While California’s Lemon Law is known for being one of the strongest of its kind in the U.S., there’s also a federal “lemon law.” It’s called the Magnuson-Moss Warranty Act.
The law, which dates back to the 1970s, requires companies that provide written warranties on their products to clearly describe the terms contained in the warranties and to disclose them in a way that is easy for consumers to find.
What is included in the law and accompanying rules?
In addition to passing the law, Congress tasked the Federal Trade Commission (FTC) with adopting rules to expand on the requirements of the law for warrantors and sellers of consumer products. The law and the added rules provide three primary requirements:
- A warranty must be designated as either limited or full
- The information that’s required in the warranty must be clear and in one easy-to-read document
- The warranty must be available wherever the product is sold
It’s important to note that the law doesn’t require manufacturers to have a written warranty for their consumer products. The law only applies when there is a written warranty. The law also doesn’t apply to commercial or resale products.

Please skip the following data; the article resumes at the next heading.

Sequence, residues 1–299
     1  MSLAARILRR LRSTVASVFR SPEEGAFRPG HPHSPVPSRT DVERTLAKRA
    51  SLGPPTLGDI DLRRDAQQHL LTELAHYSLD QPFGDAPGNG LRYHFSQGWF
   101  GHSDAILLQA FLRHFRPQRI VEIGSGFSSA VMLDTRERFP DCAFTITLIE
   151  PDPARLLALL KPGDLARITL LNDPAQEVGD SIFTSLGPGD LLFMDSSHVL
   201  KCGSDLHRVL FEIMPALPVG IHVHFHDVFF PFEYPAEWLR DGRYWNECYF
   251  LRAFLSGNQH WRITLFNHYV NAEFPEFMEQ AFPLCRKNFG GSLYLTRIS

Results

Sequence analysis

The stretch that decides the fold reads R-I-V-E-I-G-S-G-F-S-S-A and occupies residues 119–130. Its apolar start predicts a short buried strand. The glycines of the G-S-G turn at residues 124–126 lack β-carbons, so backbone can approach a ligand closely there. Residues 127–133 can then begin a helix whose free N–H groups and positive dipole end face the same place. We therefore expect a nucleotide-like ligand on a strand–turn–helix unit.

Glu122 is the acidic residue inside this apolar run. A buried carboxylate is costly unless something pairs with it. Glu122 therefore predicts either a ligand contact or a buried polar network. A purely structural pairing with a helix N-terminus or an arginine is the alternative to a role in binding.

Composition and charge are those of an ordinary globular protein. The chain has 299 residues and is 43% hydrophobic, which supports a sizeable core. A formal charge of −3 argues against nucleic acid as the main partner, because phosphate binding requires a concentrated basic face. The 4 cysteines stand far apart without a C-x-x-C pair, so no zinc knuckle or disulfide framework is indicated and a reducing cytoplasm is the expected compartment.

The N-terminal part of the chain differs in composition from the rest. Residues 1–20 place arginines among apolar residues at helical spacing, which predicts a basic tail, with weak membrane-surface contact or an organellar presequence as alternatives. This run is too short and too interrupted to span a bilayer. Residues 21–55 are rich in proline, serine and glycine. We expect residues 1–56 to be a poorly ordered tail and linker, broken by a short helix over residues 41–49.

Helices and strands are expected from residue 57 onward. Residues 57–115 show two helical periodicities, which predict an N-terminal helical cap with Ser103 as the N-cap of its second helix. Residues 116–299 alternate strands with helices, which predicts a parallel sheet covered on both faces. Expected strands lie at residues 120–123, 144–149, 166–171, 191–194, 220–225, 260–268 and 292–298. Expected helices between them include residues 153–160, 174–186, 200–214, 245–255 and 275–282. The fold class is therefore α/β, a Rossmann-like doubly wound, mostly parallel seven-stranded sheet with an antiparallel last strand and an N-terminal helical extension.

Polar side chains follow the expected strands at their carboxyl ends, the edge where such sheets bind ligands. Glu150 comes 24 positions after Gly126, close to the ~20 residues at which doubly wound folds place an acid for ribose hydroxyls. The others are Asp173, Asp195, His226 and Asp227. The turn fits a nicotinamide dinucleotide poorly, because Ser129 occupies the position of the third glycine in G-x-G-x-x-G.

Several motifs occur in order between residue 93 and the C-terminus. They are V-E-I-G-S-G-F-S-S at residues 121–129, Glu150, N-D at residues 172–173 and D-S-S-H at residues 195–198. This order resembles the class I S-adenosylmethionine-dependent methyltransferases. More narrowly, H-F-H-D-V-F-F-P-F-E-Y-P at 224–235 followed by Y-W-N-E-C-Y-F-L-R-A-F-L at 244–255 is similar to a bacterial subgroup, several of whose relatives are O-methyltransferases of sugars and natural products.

Certain things are prohibited under the law, such as deceptive or misleading terms. “Tie-in sales” are generally prohibited as well. For example, a person can’t be required to buy another product for the warranty on the first product to be valid.
Where can consumers settle a claim?
The law allows consumers who sue for breach of warranty to seek economic damages, expenses, court costs and attorney’s fees. Larger cases, such as class action suits, are often brought in federal court. Consumers can also bring their cases to state court.
The law, however, encourages warrantors to try to first settle cases through an informal dispute resolution process. If they put language about dispute resolution in the warranty, it has to comply with FTC standards.
If you’re considering whether to file a claim under the California Lemon Law or the Magnuson-Moss Warranty Act, it’s best to seek experienced legal guidance to determine the best choice for your specific situation.